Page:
I just wanted to bring this to the table and get as many opinions as possible from you guys on what you think about it. The possibility of an eyewall replacement is more so than an "inversion". Air, however, does cool slightly at the surface in a landfalling storm due to evaporative cooling or rain, and the fact the ground does not have much in the way of heat content compared to the ocean (that's why caverns are 50 degrees year round).

There could have been many other factors, most likely dry air entrainment, cooler water near the coast, even slight wind shear aloft that weakened the storm. I also noticed that MOST nothern Gulf hurricanes do this when they come ashore, with the weakening ocurring: Opal 1995, Lili 2002, Ivan 2004, Dennis 2005, Katrina 2005, and Rita in 2005.
Since RH's are pretty much at 100%, I can't believe that there would be anywhere enough cooling for a disconnect inversion at the surface. Turbulence on its own would be more than ample to get the high winds down there...
Agreed. Keep in Mind, Chris, that evaporative cooling occurs when there is dry air near the ground. In these cases, the air is saturated and the precip is falling into an already saturated column.

From my recollection of Katrina, there was a lot of dry air that came in on the south and eastern side of the storm. As indicated in the previous post, it's amazing how a little dry air can cause such a decrease in winds.
I'm definitely not an oceanographer - so storm surge is not something I know much about. The pressure effect though is a pretty minimal contributor to storm surge (100 mb pressure deficit in a hurricane is equivalent to 1 m [3 ft] storm surge). So, for the ~32 foot peak storm surge noted with Katrina, we have to be talking about influences from wind driven waves and how these lead to water accumulation along the coastline. In the deep ocean the water within waves just oscillates in a circle - only the wave energy is transported, not the water. The bigger the wave - the faster the motion, so the largest waves (swells) quickly leave the hurricane and transport energy well away. However, in shallow water this is not the case, and can lead to water transport as the wave energy is dissipated at the coastline. It's known the bathymetry is important (how the transition from deep ocean waves to shallow water waves) as well as the shape of the coastline (concave coastlines are less efficient at allowing horizontal transport of the accumulated water). We know Katrina was an unusually large hurricane. Perhaps that offered a longer fetch of moderately high winds which was more important for building and maintaining large waves than a small area of higher winds would have been.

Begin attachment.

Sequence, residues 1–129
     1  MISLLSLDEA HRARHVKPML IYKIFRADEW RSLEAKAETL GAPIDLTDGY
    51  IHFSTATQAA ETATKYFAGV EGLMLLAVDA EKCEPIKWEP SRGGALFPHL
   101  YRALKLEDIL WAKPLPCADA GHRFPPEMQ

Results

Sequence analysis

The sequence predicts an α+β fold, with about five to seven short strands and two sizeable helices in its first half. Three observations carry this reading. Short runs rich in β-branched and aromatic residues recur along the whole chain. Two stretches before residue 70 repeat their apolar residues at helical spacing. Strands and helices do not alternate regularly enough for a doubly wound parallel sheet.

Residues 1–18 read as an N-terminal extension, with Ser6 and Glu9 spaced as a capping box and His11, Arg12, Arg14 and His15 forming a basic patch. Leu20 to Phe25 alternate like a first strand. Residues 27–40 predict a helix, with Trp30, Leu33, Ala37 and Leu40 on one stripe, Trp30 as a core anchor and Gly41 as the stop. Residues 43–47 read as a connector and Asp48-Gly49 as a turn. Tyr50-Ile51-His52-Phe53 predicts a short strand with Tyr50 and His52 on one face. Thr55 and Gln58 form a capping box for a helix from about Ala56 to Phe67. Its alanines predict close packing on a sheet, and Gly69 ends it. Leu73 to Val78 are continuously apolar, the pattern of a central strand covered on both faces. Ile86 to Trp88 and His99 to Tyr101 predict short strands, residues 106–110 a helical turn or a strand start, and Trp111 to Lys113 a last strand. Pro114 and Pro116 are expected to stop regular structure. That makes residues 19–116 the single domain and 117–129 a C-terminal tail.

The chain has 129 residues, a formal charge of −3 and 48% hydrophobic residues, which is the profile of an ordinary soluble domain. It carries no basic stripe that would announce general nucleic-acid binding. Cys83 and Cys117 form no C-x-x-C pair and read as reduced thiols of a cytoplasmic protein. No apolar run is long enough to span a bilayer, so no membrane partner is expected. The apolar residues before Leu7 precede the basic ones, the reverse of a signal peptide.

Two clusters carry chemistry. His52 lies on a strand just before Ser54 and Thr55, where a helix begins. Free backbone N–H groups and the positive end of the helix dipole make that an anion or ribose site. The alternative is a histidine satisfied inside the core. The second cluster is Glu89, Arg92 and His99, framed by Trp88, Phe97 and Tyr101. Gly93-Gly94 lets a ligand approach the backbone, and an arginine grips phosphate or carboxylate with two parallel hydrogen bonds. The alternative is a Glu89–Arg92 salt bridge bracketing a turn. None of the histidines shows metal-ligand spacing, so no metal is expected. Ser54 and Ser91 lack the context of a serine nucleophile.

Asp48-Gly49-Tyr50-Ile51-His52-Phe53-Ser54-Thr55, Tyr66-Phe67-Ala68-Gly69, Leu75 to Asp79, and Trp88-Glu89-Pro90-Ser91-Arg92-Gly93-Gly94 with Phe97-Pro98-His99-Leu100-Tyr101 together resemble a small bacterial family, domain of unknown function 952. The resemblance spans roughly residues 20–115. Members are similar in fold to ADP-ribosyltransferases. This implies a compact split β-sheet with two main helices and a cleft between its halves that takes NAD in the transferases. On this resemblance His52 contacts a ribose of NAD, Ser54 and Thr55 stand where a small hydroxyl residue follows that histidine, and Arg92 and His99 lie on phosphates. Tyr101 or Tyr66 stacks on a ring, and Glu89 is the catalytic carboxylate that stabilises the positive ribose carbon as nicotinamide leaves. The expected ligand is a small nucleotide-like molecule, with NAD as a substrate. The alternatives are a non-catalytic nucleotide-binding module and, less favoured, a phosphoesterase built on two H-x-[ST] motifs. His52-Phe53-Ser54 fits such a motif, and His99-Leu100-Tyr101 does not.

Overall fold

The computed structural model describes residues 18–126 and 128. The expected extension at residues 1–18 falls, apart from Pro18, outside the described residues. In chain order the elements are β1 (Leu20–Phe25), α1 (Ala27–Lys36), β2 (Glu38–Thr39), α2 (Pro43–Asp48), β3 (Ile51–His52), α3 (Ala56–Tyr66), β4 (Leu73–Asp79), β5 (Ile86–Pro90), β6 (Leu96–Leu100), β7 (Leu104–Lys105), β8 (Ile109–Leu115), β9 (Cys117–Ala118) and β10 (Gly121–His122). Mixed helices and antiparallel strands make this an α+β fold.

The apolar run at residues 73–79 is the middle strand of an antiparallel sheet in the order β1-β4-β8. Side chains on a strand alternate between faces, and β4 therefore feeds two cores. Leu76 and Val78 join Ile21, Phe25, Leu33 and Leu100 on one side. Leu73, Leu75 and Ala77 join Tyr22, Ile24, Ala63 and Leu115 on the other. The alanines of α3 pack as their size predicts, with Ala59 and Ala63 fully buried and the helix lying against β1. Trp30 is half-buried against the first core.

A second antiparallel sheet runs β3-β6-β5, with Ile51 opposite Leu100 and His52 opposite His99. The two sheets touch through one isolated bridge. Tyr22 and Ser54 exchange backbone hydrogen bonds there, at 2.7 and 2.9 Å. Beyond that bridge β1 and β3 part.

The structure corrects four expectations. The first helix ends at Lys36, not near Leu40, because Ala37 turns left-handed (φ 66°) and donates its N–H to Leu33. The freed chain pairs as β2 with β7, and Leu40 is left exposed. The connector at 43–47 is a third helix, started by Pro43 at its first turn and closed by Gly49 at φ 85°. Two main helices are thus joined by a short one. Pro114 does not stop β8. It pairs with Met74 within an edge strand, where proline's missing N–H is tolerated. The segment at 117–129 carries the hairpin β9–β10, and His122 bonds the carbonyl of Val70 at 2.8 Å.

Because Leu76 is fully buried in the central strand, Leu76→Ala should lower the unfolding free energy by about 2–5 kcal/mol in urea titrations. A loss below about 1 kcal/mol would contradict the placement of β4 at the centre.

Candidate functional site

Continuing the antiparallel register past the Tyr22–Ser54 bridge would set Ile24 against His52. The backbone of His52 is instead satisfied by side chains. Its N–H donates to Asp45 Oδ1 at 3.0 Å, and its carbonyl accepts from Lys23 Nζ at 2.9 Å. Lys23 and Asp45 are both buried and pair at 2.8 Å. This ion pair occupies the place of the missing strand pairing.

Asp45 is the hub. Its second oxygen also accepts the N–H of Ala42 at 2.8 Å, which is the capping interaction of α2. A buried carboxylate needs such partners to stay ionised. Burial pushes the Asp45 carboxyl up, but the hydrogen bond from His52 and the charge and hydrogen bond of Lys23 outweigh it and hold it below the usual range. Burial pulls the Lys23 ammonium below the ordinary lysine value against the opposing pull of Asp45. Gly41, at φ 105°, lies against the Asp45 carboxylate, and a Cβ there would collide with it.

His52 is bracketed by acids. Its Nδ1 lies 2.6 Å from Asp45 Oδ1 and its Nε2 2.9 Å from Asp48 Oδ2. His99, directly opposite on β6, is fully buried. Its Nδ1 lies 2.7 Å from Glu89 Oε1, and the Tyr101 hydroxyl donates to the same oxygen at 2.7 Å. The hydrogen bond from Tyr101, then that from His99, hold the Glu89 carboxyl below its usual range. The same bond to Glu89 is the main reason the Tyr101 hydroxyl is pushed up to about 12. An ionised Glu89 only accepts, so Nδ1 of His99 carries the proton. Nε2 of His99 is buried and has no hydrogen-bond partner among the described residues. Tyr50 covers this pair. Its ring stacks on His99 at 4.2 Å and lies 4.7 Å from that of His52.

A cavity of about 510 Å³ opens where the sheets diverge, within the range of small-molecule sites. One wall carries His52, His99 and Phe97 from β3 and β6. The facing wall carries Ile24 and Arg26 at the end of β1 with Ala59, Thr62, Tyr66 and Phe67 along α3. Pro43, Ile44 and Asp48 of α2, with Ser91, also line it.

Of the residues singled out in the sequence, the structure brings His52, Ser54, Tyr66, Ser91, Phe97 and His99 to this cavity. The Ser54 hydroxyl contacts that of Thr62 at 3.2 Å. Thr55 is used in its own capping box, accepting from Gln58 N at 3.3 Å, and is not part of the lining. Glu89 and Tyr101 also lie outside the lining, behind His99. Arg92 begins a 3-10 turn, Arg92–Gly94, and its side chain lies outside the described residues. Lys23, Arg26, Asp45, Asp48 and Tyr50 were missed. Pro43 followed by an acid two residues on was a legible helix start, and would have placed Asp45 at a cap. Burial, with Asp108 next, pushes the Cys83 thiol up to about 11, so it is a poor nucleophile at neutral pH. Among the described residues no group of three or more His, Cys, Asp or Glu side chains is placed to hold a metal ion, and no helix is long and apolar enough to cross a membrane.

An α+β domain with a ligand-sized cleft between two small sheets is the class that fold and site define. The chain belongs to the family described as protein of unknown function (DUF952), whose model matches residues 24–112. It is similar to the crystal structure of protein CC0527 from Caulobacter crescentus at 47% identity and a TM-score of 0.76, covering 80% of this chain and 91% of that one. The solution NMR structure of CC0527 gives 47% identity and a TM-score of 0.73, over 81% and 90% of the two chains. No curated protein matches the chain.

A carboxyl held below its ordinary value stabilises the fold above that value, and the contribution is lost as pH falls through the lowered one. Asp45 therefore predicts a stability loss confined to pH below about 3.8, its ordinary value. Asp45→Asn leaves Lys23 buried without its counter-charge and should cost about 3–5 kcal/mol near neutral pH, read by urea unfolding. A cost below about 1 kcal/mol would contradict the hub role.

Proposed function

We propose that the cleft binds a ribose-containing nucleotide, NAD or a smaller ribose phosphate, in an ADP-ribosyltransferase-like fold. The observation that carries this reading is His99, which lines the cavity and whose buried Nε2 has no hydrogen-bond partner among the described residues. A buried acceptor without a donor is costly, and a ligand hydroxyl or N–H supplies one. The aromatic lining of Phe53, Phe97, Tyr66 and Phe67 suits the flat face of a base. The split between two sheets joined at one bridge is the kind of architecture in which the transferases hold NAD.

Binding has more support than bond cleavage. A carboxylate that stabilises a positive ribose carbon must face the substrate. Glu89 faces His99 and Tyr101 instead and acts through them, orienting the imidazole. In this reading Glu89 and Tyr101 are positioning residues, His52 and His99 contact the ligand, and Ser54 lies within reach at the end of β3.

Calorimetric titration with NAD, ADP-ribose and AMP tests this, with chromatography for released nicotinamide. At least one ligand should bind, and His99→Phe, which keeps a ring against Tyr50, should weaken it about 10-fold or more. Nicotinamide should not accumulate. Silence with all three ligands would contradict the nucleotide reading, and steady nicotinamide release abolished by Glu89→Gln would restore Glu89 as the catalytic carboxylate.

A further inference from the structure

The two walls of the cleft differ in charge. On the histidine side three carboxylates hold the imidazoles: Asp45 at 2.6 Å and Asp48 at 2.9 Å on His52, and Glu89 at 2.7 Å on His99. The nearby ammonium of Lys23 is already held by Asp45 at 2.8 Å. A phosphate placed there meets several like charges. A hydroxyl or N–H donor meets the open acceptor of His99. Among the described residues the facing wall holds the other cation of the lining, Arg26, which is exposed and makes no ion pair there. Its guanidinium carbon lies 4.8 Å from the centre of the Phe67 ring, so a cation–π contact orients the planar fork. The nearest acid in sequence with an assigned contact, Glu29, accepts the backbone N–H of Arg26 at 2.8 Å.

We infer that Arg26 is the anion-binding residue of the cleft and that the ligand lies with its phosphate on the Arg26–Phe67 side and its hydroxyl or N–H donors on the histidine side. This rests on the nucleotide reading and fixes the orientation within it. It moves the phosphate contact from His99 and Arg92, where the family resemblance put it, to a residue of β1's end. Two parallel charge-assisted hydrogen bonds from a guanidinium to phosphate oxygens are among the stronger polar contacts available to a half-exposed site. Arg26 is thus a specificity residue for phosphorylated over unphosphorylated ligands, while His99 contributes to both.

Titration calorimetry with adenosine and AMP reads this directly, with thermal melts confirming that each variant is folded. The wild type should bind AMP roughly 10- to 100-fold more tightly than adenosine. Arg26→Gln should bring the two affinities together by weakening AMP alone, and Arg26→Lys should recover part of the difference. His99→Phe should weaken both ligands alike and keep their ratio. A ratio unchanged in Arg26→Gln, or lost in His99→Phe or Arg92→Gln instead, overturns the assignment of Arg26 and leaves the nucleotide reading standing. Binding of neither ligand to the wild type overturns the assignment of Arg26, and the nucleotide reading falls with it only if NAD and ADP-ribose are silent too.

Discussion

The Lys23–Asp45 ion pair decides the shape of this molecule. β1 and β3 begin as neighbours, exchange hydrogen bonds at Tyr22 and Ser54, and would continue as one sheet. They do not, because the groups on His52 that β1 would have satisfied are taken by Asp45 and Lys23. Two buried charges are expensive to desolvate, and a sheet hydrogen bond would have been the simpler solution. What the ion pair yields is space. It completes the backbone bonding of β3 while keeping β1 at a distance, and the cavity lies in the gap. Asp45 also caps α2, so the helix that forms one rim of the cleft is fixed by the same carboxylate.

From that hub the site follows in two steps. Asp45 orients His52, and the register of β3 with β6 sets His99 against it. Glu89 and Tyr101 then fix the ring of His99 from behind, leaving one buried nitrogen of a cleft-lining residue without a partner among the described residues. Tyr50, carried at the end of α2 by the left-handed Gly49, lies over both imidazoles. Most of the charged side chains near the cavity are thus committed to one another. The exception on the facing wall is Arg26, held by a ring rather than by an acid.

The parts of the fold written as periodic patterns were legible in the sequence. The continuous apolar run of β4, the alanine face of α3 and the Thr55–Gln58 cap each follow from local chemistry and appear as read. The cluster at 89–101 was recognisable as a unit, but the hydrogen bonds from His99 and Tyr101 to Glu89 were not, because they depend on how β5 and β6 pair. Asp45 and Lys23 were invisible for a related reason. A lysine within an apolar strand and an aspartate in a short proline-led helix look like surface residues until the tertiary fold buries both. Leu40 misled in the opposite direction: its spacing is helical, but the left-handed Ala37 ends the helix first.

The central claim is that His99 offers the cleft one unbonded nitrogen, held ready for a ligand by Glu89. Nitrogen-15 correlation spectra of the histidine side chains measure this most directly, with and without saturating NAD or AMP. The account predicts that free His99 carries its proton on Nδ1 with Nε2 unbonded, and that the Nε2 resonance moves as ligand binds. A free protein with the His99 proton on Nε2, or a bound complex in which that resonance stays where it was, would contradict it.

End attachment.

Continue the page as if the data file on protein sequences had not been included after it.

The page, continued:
Definitely more knowledgeable storm surge folks out there, but I think the simplified storm surge interpretation passed on to us laymen has led to some significant misuse of the standard surge height relationship with hurricane intensity.

katrina also came in directly perpendicular to the coast for quite some time. This allows a long and uninterupted fetch on the right side... also considering the immense intense windfield, topography of the gulf, its basically near perfect conditions for surge. A slight weakening just before landfall isnt going to change much.